So, so proud of him! Neuroscience! Such a great graduation too…who  could ever argue with NOLA jazz and the Dali Lama and Dr. John and Alain Toussaint, all rockin the Superdome where the Ravens just won the Superbowl not too long ago.

Tulane graduation

It was nice to share all of that with my boys (and their girls)

My people and their Po BoysMy people and their Po Boys

New Orleans is a very friendly city, unique and fun.

Voo DooVoo Doo

And beautiful.

New Orleans

And H-O-T, or more to the point humid. That might be hard to get used to. But the vibe is great. I loved where we stayed, the Royal Street Courtyard in the funky Bywater hood.

Royal Street Courtyard

Royal Street Courtyard

We had lots of good NOLA food and drinks, bien sur,

Shrimp Po Boy

Shrimp Po Boy

and we went out for a walk on the bayou where I saw several alligators, for reals, and that was real crazy y’all.

look closely....

look closely….

And me being me, we also took a drive to the Lower 9th Ward, so that we could be reminded of Katrina. And of the vast gulf in race and class that we have to endure in this country. I wondered what would have happened if the levee had broken and the French Quarter would have been under water and all of the elites had been forced to live in the (redone) Superdome? I do ponder these things. I felt bad taking these pictures with my phone, but I wanted to testify. So much empty space, where houses used to be. Note, an X means that someone died in the house that’s no longer there. We saw lots of those. So sad. We can do better as a country! We must…

Lower 9th 1

Lower 9th ward

lower 9th ward

This is life, the sunshine and fun and the proud and the beautiful and the sublime, and the dark underside, and the ugly and the serious. All wrapped up in a trip across the US of A…next up, BASQUE country, hons. Please stay tuned (and for anyone who reads my blog and is wondering about those babies in Fallujah. I am going to work with Ross, the amazing ex-marine founder of the Justice for Fallujah Project. He’s making a documentary on the siege and the aftermath, and I hope to help him to raise some funds for that, and eventually some of the money from that will go to the babies. Stay tuned as I hope to have another blog dedicated to those efforts.  I would be humbly grateful if you read both )

Tales of Travel and Babies Not Forgotten

Hello dear friends and fellow travelers and seekers,

I can’t believe it’s been so long since I posted in my blog. So many chores and trying things and stressful things and adventures and happy times and excitement and LIFE in between. Breathe sister! I’m just checking in to state, on the record, that I am still trying to find a way to help those babies in Iraq, and have some good irons in the fire. I hope to start a new blog devoted to that really, hopefully really, soon, just working things out. But I can say that I will never give up on those babies. I won’t.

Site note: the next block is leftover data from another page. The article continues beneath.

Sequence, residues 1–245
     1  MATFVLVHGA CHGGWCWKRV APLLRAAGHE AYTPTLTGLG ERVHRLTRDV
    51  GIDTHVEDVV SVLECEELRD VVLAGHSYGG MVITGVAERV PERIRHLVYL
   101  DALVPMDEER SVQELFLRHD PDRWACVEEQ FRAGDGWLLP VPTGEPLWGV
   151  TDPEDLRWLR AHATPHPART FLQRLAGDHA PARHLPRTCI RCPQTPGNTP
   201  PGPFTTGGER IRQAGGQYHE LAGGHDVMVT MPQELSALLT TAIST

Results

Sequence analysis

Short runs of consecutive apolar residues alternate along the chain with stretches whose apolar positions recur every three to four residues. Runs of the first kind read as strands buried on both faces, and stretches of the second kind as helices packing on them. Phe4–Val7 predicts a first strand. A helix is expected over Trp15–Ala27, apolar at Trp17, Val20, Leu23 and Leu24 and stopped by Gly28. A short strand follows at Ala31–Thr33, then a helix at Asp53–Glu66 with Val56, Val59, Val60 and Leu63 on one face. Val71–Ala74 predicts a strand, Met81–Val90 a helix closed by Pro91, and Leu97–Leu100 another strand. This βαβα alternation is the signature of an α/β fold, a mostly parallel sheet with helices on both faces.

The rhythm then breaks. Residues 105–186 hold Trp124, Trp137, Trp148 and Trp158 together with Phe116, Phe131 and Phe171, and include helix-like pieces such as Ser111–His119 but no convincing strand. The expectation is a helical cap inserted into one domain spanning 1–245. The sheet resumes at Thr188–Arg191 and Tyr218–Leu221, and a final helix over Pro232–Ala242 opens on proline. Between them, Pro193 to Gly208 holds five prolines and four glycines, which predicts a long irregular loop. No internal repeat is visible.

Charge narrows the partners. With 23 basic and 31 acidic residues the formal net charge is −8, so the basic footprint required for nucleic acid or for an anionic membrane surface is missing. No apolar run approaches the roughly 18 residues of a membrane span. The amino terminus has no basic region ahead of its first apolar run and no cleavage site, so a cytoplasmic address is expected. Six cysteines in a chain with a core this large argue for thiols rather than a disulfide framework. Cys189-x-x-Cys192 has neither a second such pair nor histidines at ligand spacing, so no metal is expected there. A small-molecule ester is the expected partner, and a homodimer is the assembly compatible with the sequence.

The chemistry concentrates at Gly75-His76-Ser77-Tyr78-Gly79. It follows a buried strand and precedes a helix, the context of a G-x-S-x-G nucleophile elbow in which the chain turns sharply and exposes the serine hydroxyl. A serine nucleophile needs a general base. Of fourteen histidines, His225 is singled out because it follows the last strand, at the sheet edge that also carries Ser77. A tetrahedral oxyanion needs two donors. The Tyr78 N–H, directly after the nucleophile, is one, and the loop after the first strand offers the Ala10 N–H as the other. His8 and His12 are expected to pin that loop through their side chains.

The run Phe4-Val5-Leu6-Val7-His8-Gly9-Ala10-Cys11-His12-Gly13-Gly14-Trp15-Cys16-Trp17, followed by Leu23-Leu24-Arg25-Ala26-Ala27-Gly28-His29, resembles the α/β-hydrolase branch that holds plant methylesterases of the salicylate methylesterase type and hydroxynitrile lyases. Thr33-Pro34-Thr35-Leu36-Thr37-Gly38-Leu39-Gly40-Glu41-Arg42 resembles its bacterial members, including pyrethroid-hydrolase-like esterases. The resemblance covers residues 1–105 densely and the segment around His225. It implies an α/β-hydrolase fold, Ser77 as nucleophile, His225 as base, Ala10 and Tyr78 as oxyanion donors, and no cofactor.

Because I decided to TRY separate my complicated lives once again; to focus in my other side in this blog, the travelin side, the side who needs to step away from the work every now and again and go to France and eat some damn good food and drink some damn good wine, and dance, that side. And that other side? The one who rails and rants against all the injustices in the world, the one who wants to save those babies and who wants to save Social Security and the one who is pro-union and pro-LGBT and anti corporate anything, well that one will devote her energies to Twitter (once she figures it out) and sometimes facebook and her new yet-to-be-created-but-will-be blog.

Sometimes the twain shall meet and there may be crossover, like next week when I travel to LA for the big CEPR fundraiser, well there may be some social commentary seeping in – please tune in to see what transpires.

And thanks for coming along on all of my journeys. I can’t wait to see where we go next…

PS: Please watch this clip if you haven’t already. I am hoping that I get to have the honor of working with the ex-marine featured in the post. I think he is amazing…

http://live.huffingtonpost.com/r/segment/toxic-fallout-in-fallujah/516ee568fe344406360002ac

More on the Babies of Fallujah and Basra

So, here’s where I am with my latest obsession, those babies in Fallujah and Basra:

Alone, not sure where to go, but still determined to try to find a way to help.

Pictures and images like this are imprinted on my brain:

Fallujah

I’ve been exchanging emails with the courageous doctor mentioned in the Democracy Now piece, below. Here’s a link if you want the full story

http://www.youtube.com/watch?v=RNi_1pbSqGY

And here’s a portion of the  transcript, emphasis mine. It helps to give some background to my efforts.

DAHR JAMAIL:  And going on to Fallujah, because I wrote about this a year ago, and then I returned to the city again this trip, we are seeing an absolute crisis of congenital malformations of newborn. There is one doctor, a pediatrician named Dr. Samira Alani, working on this crisis in the city. She’s the only person there registering cases. And she’s seeing horrific birth defects. I mean, these are extremely hard to look at. They’re extremely hard to bear witness to. But it’s something that we all need to pay attention to, because of the amount of depleted uranium used by the U.S. military during both of their brutal attacks on the city of 2004, as well as other toxic munitions like white phosphorus, among other things.